CALIFORNIA COMMENTARY : In L.A., Some People Don’t Count : The teachers’ union can enhance its position by helping to ensure that the burden of budget cuts is equitable.
From one end of this town to the other, in the public sector and the private sector, the message is clear: Some people don’t count. The very people who have the least capability of economically fending for themselves and their families are the ones policy-makers and corporate executives put on the chopping block. This is fundamentally unjust, we challenge it.
The Los Angeles Board of Education’s proposal for slashing $220 million from its budget is blatantly unjust because the largest personnel cuts are concentrated in jobs with the highest percentages of people of color. For example, custodians, 93% of whom are people of color, are confronted with a 16% cutback. At the same time, assistant principals, less than half of whom are people of color, face a 5% cutback in their ranks.
No one who is deserving of the title of community leader would tolerate injustice being visited upon those who we claim to represent, or passively accept such mistreatment without a struggle. Therefore, we developed a set of budget proposals that were inherently more fair because they required every district employee to share the burden and no group (ethnic or otherwise) to bare the brunt of the budget cuts.
The proposal was the result of much work and consultation among leaders in the African-American community. Last Saturday, the Black Leadership Coalition on Education, along with Assemblywoman Maxine Waters, convened an unprecedented emergency meeting with more than 100 representatives of the African-American community, including school administrators, teachers, union leaders, community leaders, parents, religious leaders and education activists. We met not only to express outrage over the threat of layoffs, but also to apply everyone’s creativity to the problem and come up with a proposal that looks to the future, offers an alternative to layoffs and goes beyond knee-jerk protest.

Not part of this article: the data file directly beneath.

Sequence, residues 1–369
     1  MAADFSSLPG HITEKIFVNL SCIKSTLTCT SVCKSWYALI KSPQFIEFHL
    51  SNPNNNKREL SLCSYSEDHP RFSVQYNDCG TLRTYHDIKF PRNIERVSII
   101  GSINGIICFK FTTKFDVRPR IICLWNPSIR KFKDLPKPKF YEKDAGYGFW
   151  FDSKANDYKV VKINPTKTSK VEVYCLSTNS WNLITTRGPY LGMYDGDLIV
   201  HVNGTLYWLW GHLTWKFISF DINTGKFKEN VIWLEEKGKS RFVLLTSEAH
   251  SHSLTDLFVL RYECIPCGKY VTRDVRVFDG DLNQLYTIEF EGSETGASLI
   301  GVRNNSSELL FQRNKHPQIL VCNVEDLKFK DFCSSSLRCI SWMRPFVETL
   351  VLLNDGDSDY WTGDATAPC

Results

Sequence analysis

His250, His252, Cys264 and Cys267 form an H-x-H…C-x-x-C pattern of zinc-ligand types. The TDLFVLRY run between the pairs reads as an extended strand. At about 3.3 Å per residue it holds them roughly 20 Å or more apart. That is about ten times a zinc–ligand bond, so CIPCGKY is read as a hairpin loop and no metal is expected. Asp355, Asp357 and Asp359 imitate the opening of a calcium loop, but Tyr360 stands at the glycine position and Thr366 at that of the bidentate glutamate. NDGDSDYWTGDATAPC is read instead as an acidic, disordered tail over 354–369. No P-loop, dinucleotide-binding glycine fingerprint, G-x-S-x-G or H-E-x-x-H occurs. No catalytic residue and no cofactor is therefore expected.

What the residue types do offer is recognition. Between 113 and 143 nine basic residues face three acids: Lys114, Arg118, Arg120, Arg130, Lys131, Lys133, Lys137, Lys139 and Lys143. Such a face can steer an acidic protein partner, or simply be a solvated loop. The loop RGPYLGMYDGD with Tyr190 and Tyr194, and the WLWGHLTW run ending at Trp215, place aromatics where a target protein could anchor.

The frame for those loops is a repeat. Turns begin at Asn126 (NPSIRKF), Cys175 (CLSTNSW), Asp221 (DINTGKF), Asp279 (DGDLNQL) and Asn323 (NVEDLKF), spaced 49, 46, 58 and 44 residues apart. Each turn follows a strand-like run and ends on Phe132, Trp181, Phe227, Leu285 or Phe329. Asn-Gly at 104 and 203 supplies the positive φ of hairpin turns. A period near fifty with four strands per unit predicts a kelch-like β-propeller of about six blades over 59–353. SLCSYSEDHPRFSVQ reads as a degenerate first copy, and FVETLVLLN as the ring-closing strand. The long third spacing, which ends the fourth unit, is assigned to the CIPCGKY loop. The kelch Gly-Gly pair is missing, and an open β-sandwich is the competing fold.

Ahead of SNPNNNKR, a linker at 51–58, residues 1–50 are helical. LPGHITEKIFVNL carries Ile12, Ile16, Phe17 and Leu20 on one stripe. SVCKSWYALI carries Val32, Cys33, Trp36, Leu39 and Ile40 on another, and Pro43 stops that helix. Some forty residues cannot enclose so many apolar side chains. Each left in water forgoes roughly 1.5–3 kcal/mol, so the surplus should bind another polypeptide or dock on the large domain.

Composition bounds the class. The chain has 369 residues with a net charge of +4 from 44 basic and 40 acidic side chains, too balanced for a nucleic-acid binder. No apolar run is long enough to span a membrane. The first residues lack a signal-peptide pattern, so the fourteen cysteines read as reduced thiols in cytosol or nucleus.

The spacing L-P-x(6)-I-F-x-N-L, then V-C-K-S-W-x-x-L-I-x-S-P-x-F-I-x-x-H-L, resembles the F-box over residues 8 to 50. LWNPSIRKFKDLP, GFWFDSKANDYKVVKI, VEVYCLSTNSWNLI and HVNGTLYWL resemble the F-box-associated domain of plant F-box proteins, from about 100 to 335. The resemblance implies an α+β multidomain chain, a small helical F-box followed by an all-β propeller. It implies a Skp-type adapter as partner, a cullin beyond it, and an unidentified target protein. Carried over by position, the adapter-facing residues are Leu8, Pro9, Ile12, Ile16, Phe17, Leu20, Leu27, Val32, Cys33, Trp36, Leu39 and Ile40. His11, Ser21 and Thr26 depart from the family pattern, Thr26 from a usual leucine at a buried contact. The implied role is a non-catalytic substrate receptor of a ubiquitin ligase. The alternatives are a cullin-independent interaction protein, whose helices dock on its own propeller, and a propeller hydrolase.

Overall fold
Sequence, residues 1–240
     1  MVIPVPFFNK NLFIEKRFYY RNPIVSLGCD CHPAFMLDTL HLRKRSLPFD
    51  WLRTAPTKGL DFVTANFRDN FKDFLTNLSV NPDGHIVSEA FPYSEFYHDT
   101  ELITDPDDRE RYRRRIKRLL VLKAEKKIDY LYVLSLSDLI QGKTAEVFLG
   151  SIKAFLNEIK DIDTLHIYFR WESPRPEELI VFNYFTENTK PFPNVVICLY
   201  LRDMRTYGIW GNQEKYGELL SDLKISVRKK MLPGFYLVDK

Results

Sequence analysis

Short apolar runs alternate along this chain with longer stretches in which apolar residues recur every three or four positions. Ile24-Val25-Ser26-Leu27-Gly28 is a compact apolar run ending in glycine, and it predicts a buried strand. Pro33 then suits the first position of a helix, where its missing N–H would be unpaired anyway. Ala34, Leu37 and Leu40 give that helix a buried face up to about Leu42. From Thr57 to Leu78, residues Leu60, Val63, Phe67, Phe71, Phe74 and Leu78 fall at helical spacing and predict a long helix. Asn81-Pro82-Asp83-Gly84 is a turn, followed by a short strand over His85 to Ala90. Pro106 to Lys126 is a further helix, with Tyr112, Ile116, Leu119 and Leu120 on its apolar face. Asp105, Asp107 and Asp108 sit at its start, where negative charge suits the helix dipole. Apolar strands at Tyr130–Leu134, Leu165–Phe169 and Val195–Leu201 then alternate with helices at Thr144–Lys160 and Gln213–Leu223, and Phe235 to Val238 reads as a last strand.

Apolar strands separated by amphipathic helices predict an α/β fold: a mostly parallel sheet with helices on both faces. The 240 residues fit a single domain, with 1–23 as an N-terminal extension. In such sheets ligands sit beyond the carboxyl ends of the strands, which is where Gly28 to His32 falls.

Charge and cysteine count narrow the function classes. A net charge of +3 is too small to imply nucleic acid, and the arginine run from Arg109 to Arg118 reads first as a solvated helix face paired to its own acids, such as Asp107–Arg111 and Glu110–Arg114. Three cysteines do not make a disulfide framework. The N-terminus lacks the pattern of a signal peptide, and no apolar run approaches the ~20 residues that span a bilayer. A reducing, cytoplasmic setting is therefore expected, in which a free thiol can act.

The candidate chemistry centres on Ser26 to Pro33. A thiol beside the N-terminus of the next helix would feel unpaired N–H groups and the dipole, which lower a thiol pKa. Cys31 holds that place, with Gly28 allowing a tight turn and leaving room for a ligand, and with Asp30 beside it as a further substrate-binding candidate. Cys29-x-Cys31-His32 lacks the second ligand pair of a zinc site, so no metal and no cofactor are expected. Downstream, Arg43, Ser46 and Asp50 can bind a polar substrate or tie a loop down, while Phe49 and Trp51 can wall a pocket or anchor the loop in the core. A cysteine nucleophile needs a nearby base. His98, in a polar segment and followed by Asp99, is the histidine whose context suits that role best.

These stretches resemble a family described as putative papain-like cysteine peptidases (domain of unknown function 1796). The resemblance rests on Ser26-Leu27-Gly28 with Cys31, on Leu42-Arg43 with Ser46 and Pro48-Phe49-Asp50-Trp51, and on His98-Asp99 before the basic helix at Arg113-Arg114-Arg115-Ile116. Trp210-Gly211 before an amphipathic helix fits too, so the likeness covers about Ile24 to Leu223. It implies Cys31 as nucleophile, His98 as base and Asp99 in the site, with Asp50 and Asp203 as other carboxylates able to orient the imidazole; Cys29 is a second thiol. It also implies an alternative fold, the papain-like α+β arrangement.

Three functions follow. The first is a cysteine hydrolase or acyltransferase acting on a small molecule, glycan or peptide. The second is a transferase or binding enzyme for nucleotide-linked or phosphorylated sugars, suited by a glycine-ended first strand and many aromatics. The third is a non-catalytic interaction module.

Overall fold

Equity has been the primary principle of concern to the Black Leadership Coalition in this budget-reduction process. In other words, we asked ourselves the question: “Is this a fair process and are the results equitable?” On the basis of our historic understanding of racial and economic justice, we concluded no, in each instance.
Because of the composition of the district’s workforce, the current board proposed budget cuts will have a major impact on workers of color.
An injury to one is an injury to all--this is a basic tenet of the American labor movement. Major unions representing Los Angeles school employees should live up to this principle by working toward a more equitable resolution of this budget crisis. Even though United Teachers-Los Angeles felt that it could not support our proposals, as the most influential bargaining unit in the district, it has a major responsibility in this regard. Such a move would strengthen the position of all employee unions--showing an unequivocal concern for the well-being of the children, enhancing their public image as caring organizations, and giving them a powerful moral position from which to continue good-faith bargaining in the future. The district will owe them one.
The major players--board members, administrators, unions, parents, students and the community--representing all ethnic groups in the Los Angeles Unified School District have an unprecedented opportunity to come together for the children.